I would agree with Zielinski's interpretation, but to throw the proverbial wrench into the works, now you have to ask as to what "communication" is defined as, and the protocols it can employ. Art is indeed a form of communication, but across relative contexts of the "mental map" that Zielinski speaks of. For instance, a "burner", which is a graffiti piece that covers a single elevated train car, is considered both art and a nuisance. Both are levels of communication, but one must consider the relative "mental mappings" for the moment of communication of all parties involved: the viewer, the annoyed, and the artist, all of which figure into the scope of consumer as well as communicator.

"Communication" is a lake seeking it's own level: it will do different things in different landscapes. Abandoning the metaphor, it is to say that media and communication can be wholly dependent on the message communicated, the medium within which it is communicated, and perhaps most importantly, the space in which it is done. To say to someone "I saw a burner on the Red Line today" means different interpretations, communications, and visualizations between those communicating. Thus perhaps changing this definition of media to something a bit different, and more contextual, based upon culture, physical space, and the hitherto knowledge of said emblems, colloqualisms, and relative experience between the two cultures, perhaps from different communicational backgrounds, but speaking within relative interpretations of a single media "event."

Edward Moses
Univ. of IL @ Urbana-Champaign
Graduate Student - Educational Policy Studies


Excellent discussion! (By the way, I am a philosopher of science and neuroscientist?so, please excuse any and all ignorance evinced by my comments below!)

Whitney asked: ?How does our own technological present affect the ways we define, interpret or even appropriate the past?? It is interesting, I think, to note a reflexivity in the project of examining the past, in particular the history of (media) technology. An analogy, to begin: philosophers of language have, for quite some time, noted that analyzing natural language in natural language is peculiarly circular. (We awkwardly talk about the definite article ?the??as in ?the ?the? of sentence S??) The analogue is this: The historical analysis of past (media) technologies has been, and continues to be, enhanced and augmented by new (media) technologies, which allow us?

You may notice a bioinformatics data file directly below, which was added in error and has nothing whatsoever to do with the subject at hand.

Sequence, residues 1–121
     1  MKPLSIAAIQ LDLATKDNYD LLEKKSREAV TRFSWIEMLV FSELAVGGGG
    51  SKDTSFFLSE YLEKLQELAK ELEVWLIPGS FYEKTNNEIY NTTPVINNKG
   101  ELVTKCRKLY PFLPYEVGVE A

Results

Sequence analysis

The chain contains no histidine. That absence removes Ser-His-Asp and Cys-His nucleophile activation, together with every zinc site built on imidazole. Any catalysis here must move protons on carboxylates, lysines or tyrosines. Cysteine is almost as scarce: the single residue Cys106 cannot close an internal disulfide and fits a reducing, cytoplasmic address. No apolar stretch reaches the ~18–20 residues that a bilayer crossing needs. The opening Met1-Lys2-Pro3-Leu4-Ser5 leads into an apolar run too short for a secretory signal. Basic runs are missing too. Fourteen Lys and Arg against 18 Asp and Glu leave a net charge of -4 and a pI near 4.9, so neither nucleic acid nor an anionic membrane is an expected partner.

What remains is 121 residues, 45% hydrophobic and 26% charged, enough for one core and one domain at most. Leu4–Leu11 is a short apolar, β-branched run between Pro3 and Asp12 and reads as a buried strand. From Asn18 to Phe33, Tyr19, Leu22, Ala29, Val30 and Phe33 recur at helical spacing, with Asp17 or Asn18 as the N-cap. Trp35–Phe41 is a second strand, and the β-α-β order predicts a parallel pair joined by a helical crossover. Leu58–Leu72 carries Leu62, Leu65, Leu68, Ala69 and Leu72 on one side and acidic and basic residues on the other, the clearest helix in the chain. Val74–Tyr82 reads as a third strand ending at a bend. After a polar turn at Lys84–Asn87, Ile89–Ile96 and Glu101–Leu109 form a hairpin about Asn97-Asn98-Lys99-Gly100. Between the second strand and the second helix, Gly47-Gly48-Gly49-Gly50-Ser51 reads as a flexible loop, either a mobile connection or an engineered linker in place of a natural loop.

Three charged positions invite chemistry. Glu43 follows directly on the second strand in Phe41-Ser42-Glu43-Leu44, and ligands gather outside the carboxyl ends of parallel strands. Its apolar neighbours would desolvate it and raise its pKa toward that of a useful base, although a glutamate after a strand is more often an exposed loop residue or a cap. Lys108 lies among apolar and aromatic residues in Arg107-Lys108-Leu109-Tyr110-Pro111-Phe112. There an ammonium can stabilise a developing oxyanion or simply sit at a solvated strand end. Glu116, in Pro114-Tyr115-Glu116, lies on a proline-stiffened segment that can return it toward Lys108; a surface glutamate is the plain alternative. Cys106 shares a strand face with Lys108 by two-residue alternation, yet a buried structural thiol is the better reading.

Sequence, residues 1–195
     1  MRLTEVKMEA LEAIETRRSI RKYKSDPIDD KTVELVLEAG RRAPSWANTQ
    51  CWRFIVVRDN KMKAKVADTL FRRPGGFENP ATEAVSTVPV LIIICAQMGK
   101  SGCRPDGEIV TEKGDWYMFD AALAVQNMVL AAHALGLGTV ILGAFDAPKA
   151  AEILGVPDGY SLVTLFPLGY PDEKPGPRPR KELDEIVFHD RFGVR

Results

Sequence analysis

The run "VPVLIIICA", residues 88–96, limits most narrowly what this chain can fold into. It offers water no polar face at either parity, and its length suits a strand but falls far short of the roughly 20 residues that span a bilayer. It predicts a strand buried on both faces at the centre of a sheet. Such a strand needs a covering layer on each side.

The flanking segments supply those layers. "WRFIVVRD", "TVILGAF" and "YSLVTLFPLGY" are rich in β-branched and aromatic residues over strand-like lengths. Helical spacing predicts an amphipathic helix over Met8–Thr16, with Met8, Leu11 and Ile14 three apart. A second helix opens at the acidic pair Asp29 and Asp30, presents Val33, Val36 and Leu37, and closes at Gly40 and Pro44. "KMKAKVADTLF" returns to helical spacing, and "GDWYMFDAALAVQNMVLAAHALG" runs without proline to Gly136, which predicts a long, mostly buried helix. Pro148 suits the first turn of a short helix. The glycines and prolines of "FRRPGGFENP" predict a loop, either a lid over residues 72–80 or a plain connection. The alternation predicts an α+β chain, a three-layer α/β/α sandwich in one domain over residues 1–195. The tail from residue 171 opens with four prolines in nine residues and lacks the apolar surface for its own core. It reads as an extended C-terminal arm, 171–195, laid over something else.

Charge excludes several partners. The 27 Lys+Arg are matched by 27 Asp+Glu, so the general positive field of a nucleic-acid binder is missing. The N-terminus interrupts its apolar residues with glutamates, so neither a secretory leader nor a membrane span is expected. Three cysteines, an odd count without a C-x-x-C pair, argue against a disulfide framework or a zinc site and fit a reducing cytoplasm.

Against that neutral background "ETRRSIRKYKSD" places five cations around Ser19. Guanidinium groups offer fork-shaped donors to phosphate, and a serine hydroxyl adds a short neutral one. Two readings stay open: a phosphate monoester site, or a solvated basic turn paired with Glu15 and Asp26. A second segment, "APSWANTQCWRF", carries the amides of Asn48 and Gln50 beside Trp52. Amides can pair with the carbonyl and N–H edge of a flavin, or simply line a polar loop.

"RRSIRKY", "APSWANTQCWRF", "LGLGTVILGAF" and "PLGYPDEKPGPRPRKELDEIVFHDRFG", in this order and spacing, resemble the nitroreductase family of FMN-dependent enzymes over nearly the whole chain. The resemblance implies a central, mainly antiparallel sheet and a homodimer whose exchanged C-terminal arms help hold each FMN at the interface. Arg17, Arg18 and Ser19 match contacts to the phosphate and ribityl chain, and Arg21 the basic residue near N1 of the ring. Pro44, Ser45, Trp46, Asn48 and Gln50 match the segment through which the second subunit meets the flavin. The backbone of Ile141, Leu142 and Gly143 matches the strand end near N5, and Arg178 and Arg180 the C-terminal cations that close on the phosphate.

- to examine the scribble under scribble in palimpsests (via multi-spectral imaging),
- to newly access records from the past,
- to ?revive? old media forms (such as silent Chaplin films)
- etc., etc.

What I find interesting about this reflexive, technologically-mediated examination of past-technologies pertains to the structure (of certain technologies) that philosopher Don Ihde characterizes as ?magnification/reduction.? The basic idea, as I understand it, is as follows: Ihde sketches a (quadripartite) typology of human-technology-world relations; one of these relations involves the target technology being ?embodied? by the user. (An example might be Heidegger?s hammer, which ?withdraws? upon use?or Daniel Dennett?s (1991) story of driving a car over an oil slick, during which the ?phenomenological focal point? is no place on the innervated human body, but rather it is the automobile?s road-contacting wheel itself.)

The magnification/reduction structure in phenomenological embodiment relations thus refers to the simultaneous amplifying and placing aside of what is experienced through them (paraphrased from Ihde 1990, 76). For example, ?the sight of the mountains of the moon, through all the transformational power of the telescope, removes the moon from its setting in the expanse of the heavens? (Ihde 1990, 76). While Ihde?s concern in other books (e.g., Instrumental Realism) is how such a structure alters perception in science?since nearly all of contemporary science involves studying theoretically postulated entities through complex scientific instrumentation?we may apply this notion to the historical study of (media) technologies itself.